It seems amongst is quite often used as a synonym for among but it is supposed to sound more distinguished. Is there any difference in the meaning?
This is similar to the relation between “while” and “whilst”, or between “amid” and “amidst”.
As with "whilst", "amongst" is:
"while using whilst runs the risk of sounding pretentious, it can sometimes add a literary or ironically formal note to a piece of writing" [American Heritage Guide]
"The general consensus among scholars of English is that whilst is an unnecessary and archaic word whose primary usage is by Britons who prefer what they perceive as a more 'noble' word" [Strunk and White]
recommended against by Times Online Style Guide: "amid, not amidst; similarly among, not amongst", by the Guardian Style Guide: "among not amongst", and by [Hansard Association of Canada]: "among (no -st)". And some Tameri Guide says: "among / amongst - In American English use among to mean within a group. Amongst is antiquated for in the middle of a situation or gathering."
Anyway, the summary seems to be that "amongst" is slightly pretentious (or "distinguished" as you say), but is common in Britain, and its meaning is almost identical.
For a historical perspective of among vs amongst in American English, I did an analysis using the Corpus of Historical American English (COHA).
I found that since even as far back as 1810, among was many times more common than amongst.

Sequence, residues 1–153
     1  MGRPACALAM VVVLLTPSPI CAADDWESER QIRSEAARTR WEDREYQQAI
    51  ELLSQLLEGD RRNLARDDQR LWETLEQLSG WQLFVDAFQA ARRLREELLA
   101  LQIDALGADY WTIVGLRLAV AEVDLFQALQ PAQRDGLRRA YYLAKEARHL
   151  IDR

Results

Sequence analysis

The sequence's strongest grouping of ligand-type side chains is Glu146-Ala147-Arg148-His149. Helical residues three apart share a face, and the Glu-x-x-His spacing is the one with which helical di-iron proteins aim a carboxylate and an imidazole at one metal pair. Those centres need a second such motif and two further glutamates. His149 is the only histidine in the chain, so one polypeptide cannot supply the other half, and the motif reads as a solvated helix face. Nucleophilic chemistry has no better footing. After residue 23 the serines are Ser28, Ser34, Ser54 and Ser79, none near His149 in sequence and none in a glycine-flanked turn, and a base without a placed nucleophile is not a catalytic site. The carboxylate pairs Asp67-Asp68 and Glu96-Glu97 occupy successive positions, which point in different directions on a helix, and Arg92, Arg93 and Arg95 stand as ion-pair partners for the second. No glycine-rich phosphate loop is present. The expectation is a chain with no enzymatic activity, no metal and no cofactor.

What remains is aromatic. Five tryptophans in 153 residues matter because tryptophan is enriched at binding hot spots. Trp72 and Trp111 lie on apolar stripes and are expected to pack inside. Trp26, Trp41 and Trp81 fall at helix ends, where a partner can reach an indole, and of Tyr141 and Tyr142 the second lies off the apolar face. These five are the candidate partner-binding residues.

AMONG AMONGST Ratio 1810 439.38 47.41 9.26766505 1820 536.44 26.27 20.42025124 1830 593.99 34.63 17.15246896 1840 593.64 35.52 16.71283784 1850 562.6 19.43 28.95522388 1860 516.92 21.93 23.57136343 1870 457.33 16.97 26.94932233 1880 456.98 17.87 25.57246782 1890 492.07 19.9 24.72713568 1900 435.12 12.35 35.23238866 1910 377.13 11.37 33.16886544 1920 364.94 6.59 55.37784522 1930 345.13 6.67 51.74362819 1940 334.03 7.19 46.45757997 1950 317.42 7.29 43.54183813 1960 315.72 5.17 61.06769826 1970 324.12 7.6 42.64736842 1980 354.4 5.33 66.49155722 1990 287.46 6.8 42.27352941 2000 266 4.9 54.28571429
From this data, we see that both among and amongst have been becoming less frequently used overall since 1810, but that among has always been much more common. The ratio of among to amongst started at about 10 to 1 in 1810 and had risen to about 50 to 1 by 1920, and it has been pretty stable there since then. Amongst is definitely much less common than among in American English, but it is in no danger of dying out.
I realize that I fall on the "British" side of the English language (Australian, actually), but I tend to use among mostly, but amongst when the following word starts with a vowel. So
Amongst all the choices
Among his friends
Among the choices
I have no references to back me up; just thought I'd add my $0.02 worth.
"Among" is much more common in modern writing, at least in American English, so that probably explains why "amongst" might sound more "distinguished". (See this article which discusses the matter.) But there is absolutely no difference in meaning. (See e.g. Wiktionary: among, amongst.)
Also of note, the New Oxford American Dictionary lists "amongst" as chiefly British variant of "among". It does seem to be somewhat more common in British English (but still clearly less common than "among").
It is usually used in a metaphorical sense rather than a literal one. The ball falls amongst the trees in the forest (the ball might not literally be between the trees); the ball was found among two trees (literally between the trees).
protected by tchrist♦ Feb 22 '15 at 0:33
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